Etuaptmumk (Two-eyed Seeing) as a Guiding Principle For Camp Development, Implementation and Evaluation

Originally funded as a pilot in 2017 by the National Science and Engineering Council (NSERC) Promo-Science Program, the project recently received funding to support three more years of community-based programming. The recent funding from NSERC Promo-Science supports the existing partnerships between Mount Saint Vincent University, Sipekne’katik First Nation and Pictou Landing First Nation, Mi’kmaw Kina’matnewey and has  expanded to Acadia First Nation.

Etuaptmumk (Two-eyed Seeing) is a guiding principle for co-learning and integrative science, translated by Mi’kmaq Elders and academics (Dr. Cheryl Bartlett, Elders Albert and Murdena Marshall) from Unama’ki (Cape Breton, Nova Scotia). The guiding principles are based on reciprocal relationship building and seeing the world with the strengths of both Indigenous and Western scientific perspectives. With guidance from Elders, Knowledge Keepers, community partners, and Western scientists, the Two-Eyed Seeing Project aims to embrace these guiding principles to co-create a summer camp and various events for Mi’kmaw youth in Nova Scotia.

Being updated.

Camp Activities and Resources

Each year we develop, test, and implement hands on activities guided by Two-Eyed Seeing. Below you can find some examples of our activities and corresponding student hand outs and an interview we did with Elder Albert Marshall. To get access to all of our activities, videos, interviews, and other resources, please email

Interview with Elder Albert Marshall:

Mijipjewey na Pisun-Food is Medicine
Mijipjewey na Pisun Activity Handouts

Voice of the Drum
Voice of the Drum Activity Handouts


We are frequently looking for volunteers to help implement the Two-Eyed Seeing Camp. As a volunteer, you will be asked to submit a criminal record check and resume. All volunteers will receive training related to Mi’kmaq history and cultural competence and will be assigned a role depending on need. If you are interested in getting involved, please contact our project coordinator at

Job Opportunities

The Two-Eyed Seeing Project hires MSVU science students and recent graduates to help implement, develop, and evaluate the camp. Past and current roles have included a development and Implementation team made up of Indigenous and non-Indigenous Mount Students. As job opportunities become available, they will be posted on this site and shared on our social media platforms.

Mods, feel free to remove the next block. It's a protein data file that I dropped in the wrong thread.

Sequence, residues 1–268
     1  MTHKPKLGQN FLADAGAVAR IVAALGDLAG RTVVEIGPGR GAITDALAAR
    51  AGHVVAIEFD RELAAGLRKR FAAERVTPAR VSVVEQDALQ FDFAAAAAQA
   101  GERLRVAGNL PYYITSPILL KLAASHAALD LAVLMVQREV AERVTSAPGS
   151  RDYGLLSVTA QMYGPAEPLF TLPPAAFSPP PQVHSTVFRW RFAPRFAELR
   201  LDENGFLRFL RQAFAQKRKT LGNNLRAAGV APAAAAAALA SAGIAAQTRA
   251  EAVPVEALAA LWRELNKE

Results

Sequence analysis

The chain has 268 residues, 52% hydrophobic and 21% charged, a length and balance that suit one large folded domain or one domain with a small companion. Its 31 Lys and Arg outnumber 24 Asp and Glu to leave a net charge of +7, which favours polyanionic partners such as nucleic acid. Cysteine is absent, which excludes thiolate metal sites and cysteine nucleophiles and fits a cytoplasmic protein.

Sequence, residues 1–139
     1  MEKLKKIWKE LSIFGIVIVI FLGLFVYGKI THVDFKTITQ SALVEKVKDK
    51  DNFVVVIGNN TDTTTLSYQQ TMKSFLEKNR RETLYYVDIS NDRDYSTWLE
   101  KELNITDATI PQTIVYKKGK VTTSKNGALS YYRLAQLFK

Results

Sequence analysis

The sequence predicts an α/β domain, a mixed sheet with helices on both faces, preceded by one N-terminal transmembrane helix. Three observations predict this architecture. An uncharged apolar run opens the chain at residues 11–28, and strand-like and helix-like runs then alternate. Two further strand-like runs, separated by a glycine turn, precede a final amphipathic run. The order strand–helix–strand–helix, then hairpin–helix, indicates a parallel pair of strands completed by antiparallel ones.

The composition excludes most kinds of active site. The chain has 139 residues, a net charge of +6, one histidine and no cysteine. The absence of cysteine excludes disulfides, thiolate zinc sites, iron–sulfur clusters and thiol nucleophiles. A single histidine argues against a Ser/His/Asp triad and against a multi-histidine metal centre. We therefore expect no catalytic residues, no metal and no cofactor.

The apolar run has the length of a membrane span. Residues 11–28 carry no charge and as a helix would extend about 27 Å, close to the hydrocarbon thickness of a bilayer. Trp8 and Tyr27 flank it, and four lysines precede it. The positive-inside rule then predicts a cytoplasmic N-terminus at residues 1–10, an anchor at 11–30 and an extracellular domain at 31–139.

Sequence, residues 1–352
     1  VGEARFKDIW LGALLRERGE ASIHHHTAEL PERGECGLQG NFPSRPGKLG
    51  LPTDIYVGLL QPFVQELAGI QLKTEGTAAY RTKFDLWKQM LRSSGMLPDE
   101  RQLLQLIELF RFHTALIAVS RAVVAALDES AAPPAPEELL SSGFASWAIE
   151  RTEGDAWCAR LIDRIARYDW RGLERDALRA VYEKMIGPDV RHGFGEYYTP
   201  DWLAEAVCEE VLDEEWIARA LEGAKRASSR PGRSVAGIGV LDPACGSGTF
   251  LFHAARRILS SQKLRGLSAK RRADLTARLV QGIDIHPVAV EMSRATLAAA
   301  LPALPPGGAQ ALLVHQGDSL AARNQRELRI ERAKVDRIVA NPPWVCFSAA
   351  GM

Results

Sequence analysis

Contact the Two-Eyed Seeing Project

If you are interested in becoming involved with the Two-Eyed Seeing Project, or if you have questions, please email our project lead at or our coordinator at

Find us on Social Media

Facebook: Two-Eyed Seeing Project
Twitter: @TES_Camp
Instagram: @twoeyedseeingcamp


The Two-Eyed Seeing camp was originally funded as a Math-Sci initiative in 2017 with support from Dr. Tamara Franz-Odendaal and Dr. Danielle Cox. In 2018 and 2019 the camp was launched as a pilot 1-week in person day camp. On day 1 Mi’kmaq youth attended the camp at MSVU, followed by one day in each partner community (Pictou Landing, and Sipekne’katik), finishing the week off with a “science fair” in Sipekne’katik First Nation where youth made posters displaying the activities they engaged in over the week. During year 1 and 2, a variety of activities were developed and implemented including: The Voice of the Drum, Getting to know Amu (the bee), Composting at the Community Garden, and more. While in community, youth participated in medicine walks and a water ceremony led by local Elders/Knowledge Holders.  For more on the pilot camp, check out the media releases from 2018 and 2019

Pictured:  Elder Gary Joseph discussing Mi’kmaw perspectives on plants during a laboratory activity on botany


Recently the Two-Eyed Seeing Camp received additional funding to support 3 more years of camp development, implementation, and evaluation from NSERC Promo-Science. Although Covid-19 put a hold on hosting the in person week long camp in 2020, we were still able to host a variety of online and in person events, as well as prepare activities to be shared with teachers in Mi’kma’ki. During 2020 we hosted Wellness Workshops informed by the medicine wheel in all three partner communities and an online Meet the Mentor Mawio’mi supported through funding from the Canadian Roots Exchange. We also held a variety of online competitions including a logo contest, which was won by Grace Berry of Acadia First Nation. Grace worked with Mi’kmaw graphic designer Gerald Gloade to come up with the final version of her logo.

Next year we hope to hold the Two-Eyed Seeing Camp in person for youth in Sipekne’katik First Nation, Pictou Landing Frist Nation, and Acadia First Nation.